Facing an extradition request from her home country, Diana Nemes agreed to extradition Monday following a hearing in U.S. District Court at Seattle. A federal judge signed the order her return to Romania, where she and her husband Radu Nemes are accused in an elaborate tax cheat.
Radu Nemes has also agreed to return to Romania and appears ready to fight extradition. The Nemes are accused of conspiring with high-ranking officials in the Romanian government in a profitable tax dodge.
Diana Nemes, a 38-year-old currently pregnant with her third child, and her husband have extensive properties in Yelm - federal investigators now contend they used laundered money to pay for a $3 million log home, and were running a number of shell businesses in Washington. An FBI-led investigation is ongoing into a money-laundering scheme the Nemes and others are suspected of operating in Western Washington. Neither has been charged publicly with any offenses in the United States.
According to court papers, investigators searching the couple's 53-acre Yelm property discovered an underground bunker. Ground-penetrating radar was brought in as agents looked for gold thought to have been buried there.
FBI agents searching the Nemes home found four pistols and two rifles, including an AR-15-style assault rifle, according to prosecutors' statements. Neither Nemes is allowed to possess firearms.
Working with Romanian authorizes, the FBI's Seattle division began investigating the Nemes in 2012 after it was discovered they were living in Yelm.
Anti-corruption officials in Romania contend Radu and Diana Nemes cheated the government out of $68 million in taxes due on nearly 1 million tons of diesel fuel. The couple is alleged to have conspired with high-ranking Romanian finance officials to perpetrate the fraud.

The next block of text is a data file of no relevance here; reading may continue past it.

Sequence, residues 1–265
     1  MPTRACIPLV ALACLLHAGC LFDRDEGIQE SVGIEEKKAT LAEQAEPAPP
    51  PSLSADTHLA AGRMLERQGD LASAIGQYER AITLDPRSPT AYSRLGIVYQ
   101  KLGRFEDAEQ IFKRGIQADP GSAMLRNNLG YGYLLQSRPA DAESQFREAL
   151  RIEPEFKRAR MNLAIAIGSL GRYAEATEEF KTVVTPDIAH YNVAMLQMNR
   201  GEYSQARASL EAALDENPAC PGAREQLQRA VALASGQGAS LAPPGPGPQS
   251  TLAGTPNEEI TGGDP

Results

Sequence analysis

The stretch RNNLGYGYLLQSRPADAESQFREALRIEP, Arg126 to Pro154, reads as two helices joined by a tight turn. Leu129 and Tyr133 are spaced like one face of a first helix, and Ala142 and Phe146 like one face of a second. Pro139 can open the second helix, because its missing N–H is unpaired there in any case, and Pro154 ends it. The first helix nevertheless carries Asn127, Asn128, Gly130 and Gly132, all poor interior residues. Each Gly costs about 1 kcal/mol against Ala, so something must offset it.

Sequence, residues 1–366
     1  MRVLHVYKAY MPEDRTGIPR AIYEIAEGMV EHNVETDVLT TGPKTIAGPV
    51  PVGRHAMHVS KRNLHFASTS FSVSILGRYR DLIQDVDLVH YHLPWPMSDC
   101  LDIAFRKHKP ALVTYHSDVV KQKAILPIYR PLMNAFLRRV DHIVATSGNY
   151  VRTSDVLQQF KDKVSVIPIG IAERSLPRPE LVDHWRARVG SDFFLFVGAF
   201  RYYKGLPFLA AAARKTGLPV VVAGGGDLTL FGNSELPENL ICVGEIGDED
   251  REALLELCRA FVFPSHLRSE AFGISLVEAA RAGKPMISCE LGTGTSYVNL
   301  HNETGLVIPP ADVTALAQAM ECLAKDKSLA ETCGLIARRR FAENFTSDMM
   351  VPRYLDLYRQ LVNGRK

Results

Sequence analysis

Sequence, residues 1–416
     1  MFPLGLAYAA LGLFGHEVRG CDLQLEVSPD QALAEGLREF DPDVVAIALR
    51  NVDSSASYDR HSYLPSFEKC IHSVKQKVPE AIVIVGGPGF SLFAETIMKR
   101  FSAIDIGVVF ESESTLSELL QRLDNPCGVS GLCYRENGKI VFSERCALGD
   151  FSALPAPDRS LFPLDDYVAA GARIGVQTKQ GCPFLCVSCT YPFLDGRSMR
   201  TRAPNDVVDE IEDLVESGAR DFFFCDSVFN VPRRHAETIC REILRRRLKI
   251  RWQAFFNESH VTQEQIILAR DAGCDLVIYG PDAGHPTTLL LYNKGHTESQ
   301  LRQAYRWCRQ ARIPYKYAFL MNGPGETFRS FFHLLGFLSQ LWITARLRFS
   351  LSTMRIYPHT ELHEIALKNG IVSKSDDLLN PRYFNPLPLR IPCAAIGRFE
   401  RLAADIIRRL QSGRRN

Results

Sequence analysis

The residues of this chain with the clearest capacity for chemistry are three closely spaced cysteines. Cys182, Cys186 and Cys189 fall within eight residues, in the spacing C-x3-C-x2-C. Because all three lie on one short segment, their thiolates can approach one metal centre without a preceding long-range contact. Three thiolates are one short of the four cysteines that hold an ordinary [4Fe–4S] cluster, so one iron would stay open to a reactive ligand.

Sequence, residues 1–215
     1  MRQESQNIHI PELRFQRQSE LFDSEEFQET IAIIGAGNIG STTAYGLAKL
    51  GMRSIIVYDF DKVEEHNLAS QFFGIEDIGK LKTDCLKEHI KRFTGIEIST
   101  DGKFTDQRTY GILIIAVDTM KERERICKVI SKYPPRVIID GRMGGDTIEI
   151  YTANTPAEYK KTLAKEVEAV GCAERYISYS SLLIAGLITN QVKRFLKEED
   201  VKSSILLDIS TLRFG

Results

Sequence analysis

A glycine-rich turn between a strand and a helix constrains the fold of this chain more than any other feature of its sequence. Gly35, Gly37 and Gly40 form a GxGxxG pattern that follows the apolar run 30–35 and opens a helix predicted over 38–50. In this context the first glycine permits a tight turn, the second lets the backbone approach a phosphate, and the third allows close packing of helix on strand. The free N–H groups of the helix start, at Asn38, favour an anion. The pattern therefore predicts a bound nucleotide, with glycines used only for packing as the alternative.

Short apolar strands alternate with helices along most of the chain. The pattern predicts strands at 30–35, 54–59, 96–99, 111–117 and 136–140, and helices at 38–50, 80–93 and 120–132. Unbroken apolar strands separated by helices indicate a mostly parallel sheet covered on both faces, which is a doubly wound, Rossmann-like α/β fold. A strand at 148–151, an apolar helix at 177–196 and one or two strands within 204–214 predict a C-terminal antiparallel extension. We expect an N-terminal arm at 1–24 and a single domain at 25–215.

Investigators contend the Nemes laundered the proceeds of the scheme through banks in Dubai and the United States before fleeing Romania. They previously created several businesses in Western Washington, purportedly to aid in money laundering.
The Nemes are alleged to have spent millions in laundered money on construction equipment, gold and real estate, as well as at least one yacht. Writing the court, Diana Nemes' attorney described the purported scheme as a legitimate tax dispute and claimed the money at issue was earned legally.
In a search warrant affidavit, though, a Seattle-based FBI special agent said the couple's finances are "permeated with fraudulent money laundering activity and have been funded primarily, if not exclusively, with the proceeds of their Romanian tax evasion scheme."
Arresting the couple on March 18, FBI agents searched the Vail Road Southeast property, as well as a neighboring property occupied by two associates. Investigators came to believe the couple had buried boxes of gold "liberty" coins on the properties and returned with ground-penetrating radar.
FBI agents in the United States identified several bank accounts apparently controlled by the Nemes, and learned Radu Nemes and a friend frequently traveled with large amounts of cash.
Writing the court, the FBI agent said the Nemes have been traveling the United States, flying first class and staying at luxury hotels. In just more than a year, they spent more than $235,000 at designer boutiques and withdrew hundreds of thousands of dollars in cash.
Bank records showed Radu Nemes spent more than $1 million at a Federal Way-based precious metals dealer, buying gold bullion. Investigators believe he bought additional gold from several other coin sellers.
The Nemes appear to have moved their yacht - the Ramaya - to the Americas from the Mediterranean in late 2012. The 70-foot Azimut yacht was sold months later for $2.3 million. According to search warrant affidavits, the Nemes are suspected of paying $2.8 million in laundered money to the construction firm building a log house on the Yelm property.
Agents searching the Nemes' properties seized most of their valuables, including 21 boxes packed with silver coins, more than a dozen cell phones, seven vehicles and a riding lawnmower. Also seized was a large quantity of building materials, including a collection of solar panels apparently for use on the log house.
The Nemes remain jailed. Publicly accessible court records don't show any charges against the 10 men and women living in the United States suspected of assisting them.